Drop Ship Lifestyle Ride Along #1 – Niche Selection

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After the amazing last week at the Drop Ship Lifestyle retreat, due to all the questions I was asked in the evenings, I’ve decided to do a Drop Ship Lifestyle ride along. I am going to create a new drop shipping store and cover every aspect of the process from the very start for you guys. Along the way I will explain exactly what I’m doing, why I’m doing it and how the store is going!.

What Is Drop Shipping

The principle of drop shipping is quite simple:

  1. Your customer buys a product from you for £x
  2. You place an order for that product from your supplier for £y
  3. Your supplier delivers the product to your customer
  4. You keep the profit, the difference between the £x your customer paid and the £y you paid

Drop shipping can work in both physical stores and online stores. If you’ve ever ordered an expensive product from a small, specialist store and then had to wait a few days for that product to be delivered to the store, it was probably drop shipped. When I was fire dancing in Brighton I’d regularly have pyrotechnics drop shipped to the small, local shop that dealt with stage lighting!

As I am an Internet marketer we will be building an online store together, so it is manageable from anywhere in the world.

Niche Selection

Niche selection is the first and arguably one of the most important aspects of creating any e-commerce business. If you start out with the wrong niche you might find it impossible to find suppliers to work with or, later, impossible to make sales due to the cut-throat competition.

The niches I am investigating observe the following rules:

  • Over 2000 searches a month for the main keyword
  • Targeting small businesses or the upper middle class
  • Average product price is £200 or more
  • No famous name brands

Over 2000 searches a month for the main keyword

When picking a niche, you want it to have potential customers. If you pick a niche where no one is buying anything you will not make any money. I like to have my main keyword have over 2000 searches each month as you will need at least 1000 visitors to come to your site in order to track how well your sales pages are converting.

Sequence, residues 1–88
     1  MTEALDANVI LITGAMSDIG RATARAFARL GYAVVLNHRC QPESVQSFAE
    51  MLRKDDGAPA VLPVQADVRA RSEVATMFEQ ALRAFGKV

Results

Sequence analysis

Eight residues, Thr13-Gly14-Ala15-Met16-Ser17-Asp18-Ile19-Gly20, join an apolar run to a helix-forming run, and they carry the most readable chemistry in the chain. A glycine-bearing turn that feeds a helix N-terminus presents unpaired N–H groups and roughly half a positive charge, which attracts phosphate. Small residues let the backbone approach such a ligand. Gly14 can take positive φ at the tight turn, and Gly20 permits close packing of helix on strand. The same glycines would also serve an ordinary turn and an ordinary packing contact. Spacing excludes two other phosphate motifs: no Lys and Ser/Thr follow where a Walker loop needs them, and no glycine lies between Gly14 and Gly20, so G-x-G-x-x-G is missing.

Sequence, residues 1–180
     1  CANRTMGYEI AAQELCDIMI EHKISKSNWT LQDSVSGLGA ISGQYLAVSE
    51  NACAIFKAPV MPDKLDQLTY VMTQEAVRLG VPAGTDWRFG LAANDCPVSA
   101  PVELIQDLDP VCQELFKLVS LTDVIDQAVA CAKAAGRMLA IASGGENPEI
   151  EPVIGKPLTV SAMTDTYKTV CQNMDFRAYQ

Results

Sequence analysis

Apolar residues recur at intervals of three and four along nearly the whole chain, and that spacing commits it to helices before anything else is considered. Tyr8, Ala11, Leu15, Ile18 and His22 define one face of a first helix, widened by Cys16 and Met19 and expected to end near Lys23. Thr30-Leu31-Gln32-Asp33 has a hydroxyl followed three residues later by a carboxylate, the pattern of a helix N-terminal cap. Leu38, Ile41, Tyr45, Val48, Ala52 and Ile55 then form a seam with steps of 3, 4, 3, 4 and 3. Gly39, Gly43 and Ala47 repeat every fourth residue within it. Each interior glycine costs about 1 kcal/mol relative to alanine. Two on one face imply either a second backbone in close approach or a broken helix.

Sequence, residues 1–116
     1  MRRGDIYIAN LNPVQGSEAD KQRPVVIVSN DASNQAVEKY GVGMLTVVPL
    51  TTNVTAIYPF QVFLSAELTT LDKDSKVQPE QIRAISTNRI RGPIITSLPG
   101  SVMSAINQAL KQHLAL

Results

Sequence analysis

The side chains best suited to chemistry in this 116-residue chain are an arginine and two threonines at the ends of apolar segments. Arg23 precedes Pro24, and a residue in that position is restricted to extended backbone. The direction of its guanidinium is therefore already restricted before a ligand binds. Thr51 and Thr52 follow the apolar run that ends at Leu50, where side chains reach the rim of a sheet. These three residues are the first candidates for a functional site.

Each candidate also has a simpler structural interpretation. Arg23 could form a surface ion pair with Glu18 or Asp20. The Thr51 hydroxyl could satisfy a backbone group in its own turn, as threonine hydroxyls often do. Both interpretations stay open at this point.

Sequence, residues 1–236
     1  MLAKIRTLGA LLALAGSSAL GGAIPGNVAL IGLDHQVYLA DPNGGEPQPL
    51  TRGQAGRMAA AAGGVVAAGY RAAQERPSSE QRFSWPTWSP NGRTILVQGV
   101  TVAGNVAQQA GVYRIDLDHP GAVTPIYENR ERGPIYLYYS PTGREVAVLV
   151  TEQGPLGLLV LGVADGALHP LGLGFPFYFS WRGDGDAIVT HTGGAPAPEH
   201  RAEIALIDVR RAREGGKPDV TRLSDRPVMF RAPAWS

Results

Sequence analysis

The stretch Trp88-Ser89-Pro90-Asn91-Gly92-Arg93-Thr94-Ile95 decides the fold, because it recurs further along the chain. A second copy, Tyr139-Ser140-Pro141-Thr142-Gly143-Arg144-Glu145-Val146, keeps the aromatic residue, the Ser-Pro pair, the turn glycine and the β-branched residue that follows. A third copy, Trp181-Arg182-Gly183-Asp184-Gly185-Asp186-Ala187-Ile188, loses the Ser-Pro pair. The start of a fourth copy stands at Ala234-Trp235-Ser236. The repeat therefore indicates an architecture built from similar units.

Targeting small businesses or the upper middle class

Small businesses and the upper middle class are good target markets but for completely different reasons. If you’re selling expensive products to small businesses then they probably need those products to run their business. If you’re selling to the upper middle class they probably have disposable income and are used to shopping online.

Average product price is £200 or more

Simply put, more expensive products have better margins, so we might make as much selling one product for £200 as we would selling 10 products for £20, but we’d have to do 10 times the work and drive 10 times the traffic to make that margin.

No famous name brands

Often niches are dominated by one or two famous brands and customers can often develop a strong bond to a specific brand, limiting what you can sell and how much you can sell it for. With a niche that only features generic brands there is less brand loyalty and you can make sales on the strength of your marketing and the strength of the product, rather than on the strength of someone else’s name.

Creating Niche Ideas

There are lots of ways to come up with niche ideas, some people like to only choose niches that they have prior experience in, either as a customer or a seller, for others that can be seriously limiting.

My favourite way for coming up with new niche ideas is to simply abuse Google shopping. By entering really generic keywords, e.g. red, large, etc as well as a high minimum price, e.g. £200 you can quickly come up with a huge variety of products to get inspiration from.

Choosing Niches

Determining Search Volume

I use a tool called Market Samurai for all my keyword needs. As you can see from the image below, it can produce incredible insights on niche selection, “lava lamp” get’s over 6000 searches in the UK alone, not to mention the dozens of other related keywords you can target.